The most common side effects of marijuana intoxication in dogs are depression, lethargy, listlessness, loss of motor coordination or balance (stumbling), incontinence of urine, low heart rate, low blood pressure, low body temperature, respiratory depression, dilated pupils and glazed over eyes, vocalization like crying or whining, agitation, drooling, vomiting, seizures, and coma. Some dogs may experience hallucinations and have increased sensory stimulation to noises or fast movements.

The stereotypical dog that presents to a veterinary clinic for possible marijuana exposure is lethargic, listless, stumbling, glazed over eyes, may dribble urine, and hyper reacts to fast motions or noises in close proximity.

One danger with marijuana is that vomiting is common, and if the dog is profoundly lethargic and begins vomiting, aspiration of vomitus into the lungs can lead to severe breathing problems and even death. However, this is relatively uncommon.

The signs of exposure to marijuana in dogs can begin as quickly as 5 minutes to 12 hours after exposure with most showing signs within one hour. The effects can last from a half hour to several days depending on the amount and type of marijuana ingested.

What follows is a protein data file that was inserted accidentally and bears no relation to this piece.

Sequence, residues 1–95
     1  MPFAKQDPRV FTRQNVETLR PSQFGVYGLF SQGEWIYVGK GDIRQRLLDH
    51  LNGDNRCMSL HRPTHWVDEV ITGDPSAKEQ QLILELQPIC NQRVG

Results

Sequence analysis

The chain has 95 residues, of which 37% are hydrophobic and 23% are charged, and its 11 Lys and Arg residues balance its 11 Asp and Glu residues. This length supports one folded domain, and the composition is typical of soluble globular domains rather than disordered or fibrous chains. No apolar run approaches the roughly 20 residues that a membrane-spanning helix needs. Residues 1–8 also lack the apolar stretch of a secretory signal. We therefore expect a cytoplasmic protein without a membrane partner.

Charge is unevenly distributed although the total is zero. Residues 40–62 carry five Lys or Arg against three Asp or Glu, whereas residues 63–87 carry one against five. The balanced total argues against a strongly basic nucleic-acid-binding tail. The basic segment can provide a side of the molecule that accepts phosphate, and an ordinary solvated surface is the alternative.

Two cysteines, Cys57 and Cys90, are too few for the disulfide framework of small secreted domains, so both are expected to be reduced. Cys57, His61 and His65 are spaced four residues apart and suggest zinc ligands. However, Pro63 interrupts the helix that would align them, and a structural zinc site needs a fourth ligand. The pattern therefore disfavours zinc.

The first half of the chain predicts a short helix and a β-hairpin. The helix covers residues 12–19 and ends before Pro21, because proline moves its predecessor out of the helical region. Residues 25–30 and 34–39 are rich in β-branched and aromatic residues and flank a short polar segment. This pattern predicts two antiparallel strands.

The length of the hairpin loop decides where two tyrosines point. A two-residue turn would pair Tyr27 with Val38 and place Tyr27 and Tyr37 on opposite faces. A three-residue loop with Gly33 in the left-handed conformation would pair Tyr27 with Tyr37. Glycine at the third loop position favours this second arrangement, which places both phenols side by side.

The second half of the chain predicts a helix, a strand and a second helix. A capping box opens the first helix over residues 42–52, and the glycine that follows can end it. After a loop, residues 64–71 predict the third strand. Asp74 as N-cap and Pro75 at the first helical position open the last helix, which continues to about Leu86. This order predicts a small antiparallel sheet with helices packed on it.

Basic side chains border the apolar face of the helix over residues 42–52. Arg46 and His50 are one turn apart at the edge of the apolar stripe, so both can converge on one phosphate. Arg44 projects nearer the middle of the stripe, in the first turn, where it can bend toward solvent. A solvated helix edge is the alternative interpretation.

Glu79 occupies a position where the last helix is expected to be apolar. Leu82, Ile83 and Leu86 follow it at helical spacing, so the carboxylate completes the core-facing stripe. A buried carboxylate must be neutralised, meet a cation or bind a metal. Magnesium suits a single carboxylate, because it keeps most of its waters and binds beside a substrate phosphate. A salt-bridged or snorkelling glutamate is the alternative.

How Toxic is Marijuana?
THC is readily stored in the body’s fat tissue including the liver, brain, and kidneys. The liver metabolizes it and much of it is excreted in the feces and urine.

The good news is that marijuana exposure or ingestion is rarely deadly and long-term complications are uncommon. Toxicity of marijuana in dogs is low. It takes about 1.5 grams of marijuana per pound of body weight to be fatal. Therefore, death from marijuana ingestion is not common. This may change with the production of higher concentration palatable products. The most severe problems relating to marijuana exposure or ingestion in dogs have been from high concentrations of medical-grade THC.

Diagnosis of Marijuana Toxicity in Dogs
Diagnosis of marijuana ingestion or exposure in dogs is often based on the physical exam findings and history of exposure. There are human urine tests to determine the presence of THC that can be used, but are not dependable in dogs, often producing false negative results.

Treatment of Marijuana Toxicity in Dogs